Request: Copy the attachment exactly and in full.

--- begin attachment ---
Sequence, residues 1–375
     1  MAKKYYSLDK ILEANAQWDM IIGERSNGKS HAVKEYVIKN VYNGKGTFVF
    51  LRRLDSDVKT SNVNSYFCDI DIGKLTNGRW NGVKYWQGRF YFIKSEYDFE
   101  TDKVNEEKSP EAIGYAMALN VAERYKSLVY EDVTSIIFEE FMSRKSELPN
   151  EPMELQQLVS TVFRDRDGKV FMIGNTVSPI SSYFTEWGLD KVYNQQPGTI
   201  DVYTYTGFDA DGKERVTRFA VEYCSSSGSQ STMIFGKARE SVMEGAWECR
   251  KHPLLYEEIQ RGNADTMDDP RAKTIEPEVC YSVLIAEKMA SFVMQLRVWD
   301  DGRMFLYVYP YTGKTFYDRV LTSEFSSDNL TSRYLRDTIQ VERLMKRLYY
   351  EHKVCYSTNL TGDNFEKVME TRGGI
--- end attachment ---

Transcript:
Sequence, residues 1–375
     1  MAKKYYSLDK ILEANAQWDM IIGERSNGKS HAVKEYVIKN VYNGKGTFVF
    51  LRRLDSDVKT SNVNSYFCDI DIGKLTNGRW NGVKYWQGRF YFIKSEYDFE
   101  TDKVNEEKSP EAIGYAMALN VAERYKSLVY EDVTSIIFEE FMSRKSELPN
   151  EPMELQQLVS TVFRDRDGKV FMIGNTVSPI SSYFTEWGLD KVYNQQPGTI
   201  DVYTYTGFDA DGKERVTRFA VEYCSSSGSQ STMIFGKARE SVMEGAWECR
   251  KHPLLYEEIQ RGNADTMDDP RAKTIEPEVC YSVLIAEKMA SFVMQLRVWD
   301  DGRMFLYVYP YTGKTFYDRV LTSEFSSDNL TSRYLRDTIQ VERLMKRLYY
   351  EHKVCYSTNL TGDNFEKVME TRGGI